Academic bias

A new study demonstrates what might seem perfectly obvious but which still needs to be demonstrated:  That there is a distinct and measurable bias in academia against political conservatives and (especially) conservative Christians.  See Preferred Colleagues – Innovations – The Chronicle of Higher Education.

HT:  Jackie

About Gene Veith

Professor of Literature at Patrick Henry College, the Director of the Cranach Institute at Concordia Theological Seminary, a columnist for World Magazine and TableTalk, and the author of 18 books on different facets of Christianity & Culture.

  • Dennis Peskey

    “frequently characterized as stupid, anti-intellectual, doctrinaire, ill-disposed towards the values of liberal learning, and deserving of their ostracism.”
    Well, all I can say is thank God I’m not like those sinners. Oh wait, I’ve heard that line somewhere before. Was it in the Civil War thread – possibly. Then again, I think it might have been the teaching of some rabbi, but that was several years ago.

    Fortunately, Patrick Henry College seems to pursue a different path, a better way. That term “way” seems familiar as well – the man that used it said something about neighbors and judging. I’ll find it soon. Blessed Holy Week to our gracious host and to all who enter herein.
    Pax,
    Dennis

  • Dennis Peskey

    “frequently characterized as stupid, anti-intellectual, doctrinaire, ill-disposed towards the values of liberal learning, and deserving of their ostracism.”
    Well, all I can say is thank God I’m not like those sinners. Oh wait, I’ve heard that line somewhere before. Was it in the Civil War thread – possibly. Then again, I think it might have been the teaching of some rabbi, but that was several years ago.

    Fortunately, Patrick Henry College seems to pursue a different path, a better way. That term “way” seems familiar as well – the man that used it said something about neighbors and judging. I’ll find it soon. Blessed Holy Week to our gracious host and to all who enter herein.
    Pax,
    Dennis

  • Cincinnatus

    There are a number of counter-arguments against the claim of ideological bias in higher education, but allow me just to say from personal experience: it’s absolutely true that there is an active bias against both Christians and conservatives in the academy. I speak as a member of both categories. Oh the stories I could tell…

  • Cincinnatus

    There are a number of counter-arguments against the claim of ideological bias in higher education, but allow me just to say from personal experience: it’s absolutely true that there is an active bias against both Christians and conservatives in the academy. I speak as a member of both categories. Oh the stories I could tell…

  • http://www.angelfire.com/ok5/historynerdherd HistoryProfBrad

    I concur, Cincinnatus. As one who has been in academe both as a grad student and professor for almost twenty years now, I continue to be amazed (and strangely amused) at the snits one can cause just by making a positive statement about Christianity in the “wrong” setting. I tend to classify the problem as one of “dogmatic open-mindedness,” and “intolerant tolerance”…terms that sound oxymoronic, but that I think sum up the situation quite well. Not only is this a field where Original Sin and hatred of God is on full display, it is also littered with a lot of very insecure people. How does one compensate? Wear the badge of “intellectual”, agree with what all the “cool, popular kids” are saying (secular and politically left), and berate those who disagree as ignorant and backward…or worse, dangerous. It is not a good spirit to have on my part, but I enjoy constantly being a drunken uncle in the room. Fortunately, I am a department chair at a small college where I can get away with it!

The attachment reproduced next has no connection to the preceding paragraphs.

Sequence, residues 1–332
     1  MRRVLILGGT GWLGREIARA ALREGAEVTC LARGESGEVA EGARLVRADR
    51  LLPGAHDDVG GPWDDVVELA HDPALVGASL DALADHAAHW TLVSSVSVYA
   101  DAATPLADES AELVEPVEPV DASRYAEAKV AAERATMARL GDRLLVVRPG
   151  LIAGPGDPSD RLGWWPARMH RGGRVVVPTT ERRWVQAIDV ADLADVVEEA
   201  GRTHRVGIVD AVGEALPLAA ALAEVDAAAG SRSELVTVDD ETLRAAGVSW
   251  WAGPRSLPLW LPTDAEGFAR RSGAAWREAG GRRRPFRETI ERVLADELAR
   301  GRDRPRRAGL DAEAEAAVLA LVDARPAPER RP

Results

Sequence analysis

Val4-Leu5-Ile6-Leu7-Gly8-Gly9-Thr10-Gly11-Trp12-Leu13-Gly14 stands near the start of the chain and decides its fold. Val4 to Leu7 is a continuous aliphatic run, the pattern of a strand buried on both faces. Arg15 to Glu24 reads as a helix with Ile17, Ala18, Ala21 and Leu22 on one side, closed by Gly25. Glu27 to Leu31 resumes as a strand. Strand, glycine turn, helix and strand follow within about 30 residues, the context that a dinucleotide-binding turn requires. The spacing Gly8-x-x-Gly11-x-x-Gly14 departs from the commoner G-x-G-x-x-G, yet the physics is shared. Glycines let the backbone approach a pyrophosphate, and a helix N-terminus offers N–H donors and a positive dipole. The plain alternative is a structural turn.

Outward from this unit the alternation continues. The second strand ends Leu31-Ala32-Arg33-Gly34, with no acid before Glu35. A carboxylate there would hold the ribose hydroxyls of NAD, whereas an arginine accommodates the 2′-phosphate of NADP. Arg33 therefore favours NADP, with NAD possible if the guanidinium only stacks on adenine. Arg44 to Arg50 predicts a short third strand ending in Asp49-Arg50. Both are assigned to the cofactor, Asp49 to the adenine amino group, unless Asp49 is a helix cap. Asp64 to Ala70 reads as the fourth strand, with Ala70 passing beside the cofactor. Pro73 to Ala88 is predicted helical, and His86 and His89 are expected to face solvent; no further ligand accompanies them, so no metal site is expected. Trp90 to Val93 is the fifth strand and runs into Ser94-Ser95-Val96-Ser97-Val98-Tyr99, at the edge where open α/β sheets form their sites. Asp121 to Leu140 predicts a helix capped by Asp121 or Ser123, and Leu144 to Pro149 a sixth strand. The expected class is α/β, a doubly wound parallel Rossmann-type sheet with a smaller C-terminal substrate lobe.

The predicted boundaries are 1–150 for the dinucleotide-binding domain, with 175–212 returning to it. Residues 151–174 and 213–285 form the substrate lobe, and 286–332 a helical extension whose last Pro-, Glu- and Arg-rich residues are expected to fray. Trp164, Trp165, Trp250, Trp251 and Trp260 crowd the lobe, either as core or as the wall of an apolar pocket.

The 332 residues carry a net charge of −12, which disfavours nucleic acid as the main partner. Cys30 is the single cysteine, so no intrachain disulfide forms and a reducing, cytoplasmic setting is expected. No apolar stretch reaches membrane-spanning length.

• http://www.angelfire.com/ok5/historynerdherd HistoryProfBrad

    I concur, Cincinnatus. As one who has been in academe both as a grad student and professor for almost twenty years now, I continue to be amazed (and strangely amused) at the snits one can cause just by making a positive statement about Christianity in the “wrong” setting. I tend to classify the problem as one of “dogmatic open-mindedness,” and “intolerant tolerance”…terms that sound oxymoronic, but that I think sum up the situation quite well. Not only is this a field where Original Sin and hatred of God is on full display, it is also littered with a lot of very insecure people. How does one compensate? Wear the badge of “intellectual”, agree with what all the “cool, popular kids” are saying (secular and politically left), and berate those who disagree as ignorant and backward…or worse, dangerous. It is not a good spirit to have on my part, but I enjoy constantly being a drunken uncle in the room. Fortunately, I am a department chair at a small college where I can get away with it!

  • http://www.matthewcochran.net/blog Matt Cochran

    There is certainly an ideological bias in academia, and conservative ideas should certainly have better representation. Nevertheless, we should remember that not all bias is blameworthy–particularly at the classroom level.

    I recently went back to school to take a couple philosophy classes. One prof was a logical positivist; the other was a Marxist. These backgrounds colored their teachings. They did pass judgment on contrary views and the presentation of material was commensurate with how that material is viewed according to their ideologies.